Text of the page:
One of the hardest parts of being a writer is editing. You’ve usually spent a number of years writing a novel, or some other type of manuscript, only to have to go back and examine it chapter by chapter. Typically, that examination is biased and many mistakes are missed. That isn’t because you don’t want to find all the mistakes–every author wants their manuscript to be as perfect as possible–but rather, you become blind to the errors because you’ve spent so much time with the manuscript.
This is where a professional editor comes in. You can think of an editor as a pre-reader, someone acting on behalf of the eventual reader that points out confusing parts and developmental mistakes. Hiring a real editor isn’t for the faint of heart though. The feedback received will be frank. If your ego isn’t out of the equation, it can be hard to swallow the feedback.
Three Level of Editing
If you didn’t know there were three different levels of editing, then you may need to go back and work on your manuscript. When I first learned this, I did. The levels of editing begin with a broad overview of the story itself. Once the story is solid, a granular, a line-by-line edit is done. This is followed by a grammar, punctuation, and spell check before publishing begins.
The first level of editing is called developmental editing. This takes a high-level approach to your manuscript and checks for consistency in the story. It will look at ideas, characters, and the story arc developed and make sure there are no gaps. This step in the editing process can also identify opportunities for improving your storyline and subplots.
The second level of editing is the line edit. This is a sentence by sentence review of your manuscript. The purpose of a line edit is to look at word choice, tone, style, and flow. This is a very granular procedure and can take a long time. This is where most you will find most of the edits in your manuscript.
The third is the copyediting. This is your most basic level of editing and includes grammar and spell-checking the manuscript. With brain power and running a spell-check in your word processor of choice, this can mostly be covered. An editor can be used to review your manuscript for more advanced grammar rules that the word processor doesn’t catch. This is the last step in editing your manuscript and should be done after all other edits have been made.
Reviewing and Implementing Feedback From an Editor
As an author, this can be the most heart-wrenching part if your ego is in the way. An editor is paid not to scratch your back and tell you about how wonderfully you did, but rather, to show you how you can not only improve as a writer, but also, create your manuscript into a work of art. The sooner your ego is out of the way, the easier it will be to make those changes. It’s important that you sit down with the editor (or communicate via email) and review the suggested edits. Although it’s important to listen to the editor, as an author, you need to be on board with all the changes made. This is, after all, your book.
How Long Does it Take to Edit?
An author needs to know up front what they are getting into when they sign up for an editor. Depending on the extensiveness of the edits, the time to make all the changes will vary. It could just be clarifying some dialogue or ideas, to overhauling entire chapters. This may take a few hours or days, depending on how much you write. It will also depend on how many revisions you go through with the editor.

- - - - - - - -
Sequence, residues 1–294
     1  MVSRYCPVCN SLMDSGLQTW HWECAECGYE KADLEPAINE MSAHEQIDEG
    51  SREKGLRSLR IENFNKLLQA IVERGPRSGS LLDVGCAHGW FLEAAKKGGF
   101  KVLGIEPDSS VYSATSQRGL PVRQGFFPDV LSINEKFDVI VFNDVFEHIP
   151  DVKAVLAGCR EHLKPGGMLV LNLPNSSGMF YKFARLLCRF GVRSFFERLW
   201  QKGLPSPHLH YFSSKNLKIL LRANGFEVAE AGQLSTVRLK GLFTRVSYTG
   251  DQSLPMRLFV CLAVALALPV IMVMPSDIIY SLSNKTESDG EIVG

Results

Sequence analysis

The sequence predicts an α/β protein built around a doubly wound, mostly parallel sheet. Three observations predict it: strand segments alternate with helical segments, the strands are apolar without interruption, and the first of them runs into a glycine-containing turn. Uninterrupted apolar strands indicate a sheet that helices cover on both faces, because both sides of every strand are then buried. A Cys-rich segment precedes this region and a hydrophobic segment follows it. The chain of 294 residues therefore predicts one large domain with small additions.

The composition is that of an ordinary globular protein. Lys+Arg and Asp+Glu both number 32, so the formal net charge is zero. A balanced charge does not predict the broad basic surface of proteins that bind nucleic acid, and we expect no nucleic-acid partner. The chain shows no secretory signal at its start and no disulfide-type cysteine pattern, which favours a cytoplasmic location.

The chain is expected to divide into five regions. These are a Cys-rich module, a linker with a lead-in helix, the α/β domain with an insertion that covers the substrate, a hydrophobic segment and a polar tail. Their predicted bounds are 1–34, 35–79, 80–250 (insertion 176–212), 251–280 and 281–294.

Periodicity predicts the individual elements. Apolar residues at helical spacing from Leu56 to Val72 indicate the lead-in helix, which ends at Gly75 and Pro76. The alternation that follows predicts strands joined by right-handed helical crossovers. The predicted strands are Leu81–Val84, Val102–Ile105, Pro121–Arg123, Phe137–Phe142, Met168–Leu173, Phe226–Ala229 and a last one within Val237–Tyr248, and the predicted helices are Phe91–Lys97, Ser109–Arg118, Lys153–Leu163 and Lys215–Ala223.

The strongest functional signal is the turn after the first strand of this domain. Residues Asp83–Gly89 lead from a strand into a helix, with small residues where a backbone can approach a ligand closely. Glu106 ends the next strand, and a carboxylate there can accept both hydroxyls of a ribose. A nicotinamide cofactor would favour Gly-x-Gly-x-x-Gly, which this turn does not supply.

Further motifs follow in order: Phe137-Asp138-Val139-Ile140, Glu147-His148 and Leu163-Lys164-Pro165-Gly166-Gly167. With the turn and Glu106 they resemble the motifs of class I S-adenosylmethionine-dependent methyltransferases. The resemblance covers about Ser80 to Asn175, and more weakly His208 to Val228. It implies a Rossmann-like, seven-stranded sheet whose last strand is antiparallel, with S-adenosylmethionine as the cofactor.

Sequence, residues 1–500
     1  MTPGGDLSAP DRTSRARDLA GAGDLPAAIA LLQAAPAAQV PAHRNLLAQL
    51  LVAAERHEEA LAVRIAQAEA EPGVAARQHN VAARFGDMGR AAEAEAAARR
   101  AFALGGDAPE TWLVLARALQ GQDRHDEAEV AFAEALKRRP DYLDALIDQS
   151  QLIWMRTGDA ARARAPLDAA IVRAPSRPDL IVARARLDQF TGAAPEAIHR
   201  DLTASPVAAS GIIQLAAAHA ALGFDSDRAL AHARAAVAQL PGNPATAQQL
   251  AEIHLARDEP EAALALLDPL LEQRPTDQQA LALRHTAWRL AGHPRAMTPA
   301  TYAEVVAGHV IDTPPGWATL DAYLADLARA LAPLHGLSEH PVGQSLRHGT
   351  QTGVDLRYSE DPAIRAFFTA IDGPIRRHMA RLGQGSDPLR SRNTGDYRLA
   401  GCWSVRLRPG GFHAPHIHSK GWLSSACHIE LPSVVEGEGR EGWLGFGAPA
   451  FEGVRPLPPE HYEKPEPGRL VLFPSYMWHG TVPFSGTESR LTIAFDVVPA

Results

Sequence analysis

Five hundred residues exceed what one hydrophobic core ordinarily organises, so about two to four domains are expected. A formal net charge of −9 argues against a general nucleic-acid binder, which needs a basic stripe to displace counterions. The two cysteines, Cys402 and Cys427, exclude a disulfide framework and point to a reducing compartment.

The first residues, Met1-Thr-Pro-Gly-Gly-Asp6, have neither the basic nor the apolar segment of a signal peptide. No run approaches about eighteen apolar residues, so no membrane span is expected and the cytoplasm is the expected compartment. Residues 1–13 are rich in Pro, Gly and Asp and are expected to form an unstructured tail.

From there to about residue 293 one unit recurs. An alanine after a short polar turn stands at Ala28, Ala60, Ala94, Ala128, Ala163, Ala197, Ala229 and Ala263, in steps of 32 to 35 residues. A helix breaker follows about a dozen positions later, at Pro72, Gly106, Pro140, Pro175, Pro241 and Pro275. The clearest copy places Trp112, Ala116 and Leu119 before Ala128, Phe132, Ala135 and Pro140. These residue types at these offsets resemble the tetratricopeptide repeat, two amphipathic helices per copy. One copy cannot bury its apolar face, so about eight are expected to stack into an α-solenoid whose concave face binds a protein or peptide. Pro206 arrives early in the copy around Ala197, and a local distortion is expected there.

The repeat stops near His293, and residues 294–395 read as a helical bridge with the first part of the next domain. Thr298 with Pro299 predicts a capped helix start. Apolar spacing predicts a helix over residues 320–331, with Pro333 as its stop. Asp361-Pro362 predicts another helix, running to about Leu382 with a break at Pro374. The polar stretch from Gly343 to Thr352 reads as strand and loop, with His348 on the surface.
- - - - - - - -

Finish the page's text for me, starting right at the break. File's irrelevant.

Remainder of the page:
Sometimes though, the edits cannot be made due to a lack of skill in writing. For example, I once received a short anthology manuscript for editing. Upon review, I found the problem wasn’t so much in the editing, but in the writing. I notified the author and offered to put in the time in order to overhaul his short anthology, but at an increased price. The author declined, having me only do a copyedit and format it correctly. While it was sad to see the potential of the piece walk away, I respected the author’s decision. In such a case, it would be best to take writing courses and practice writing more. While it may seem burdensome in the moment, in the long run, it will save you a lot of money during editing.
Walking away from an editor just because you don’t like the edits they’ve given you isn’t the way to get quality writing published. The process is tough and not for the faint of heart. In order to publish the type of writing you see in book stores, you have to pay the price.
Why You Need an Editor
We’ve talked so far about different types of editing and the feedback implementation process can be like. Really, what an editor does is coach you. Just as in any sport, a coach will see your potential and help you get there–even if you don’t see it yourself at the moment. Sure you can work on a manuscript yourself, that is certainly recommended, but when you get help from an editor, you can expect to gain access to a skill set that will take your manuscript to the next level. Just as any sports coach would take his team’s set of skills and fine tune them. When your ego gets in the way, progress will come to a screeching halt.
A good editor will be frank and honest with you. An editor isn’t paid to scratch your back. They may tear down your writing, but it is in an effort to improve your writing skills beyond what they are. Even though it takes lots of time, effort, and work, working with an editor on your manuscript pays off in the end. If you have a manuscript that needs editing, here at Stitch Writing we offer those services. Feel free to check out our editing page.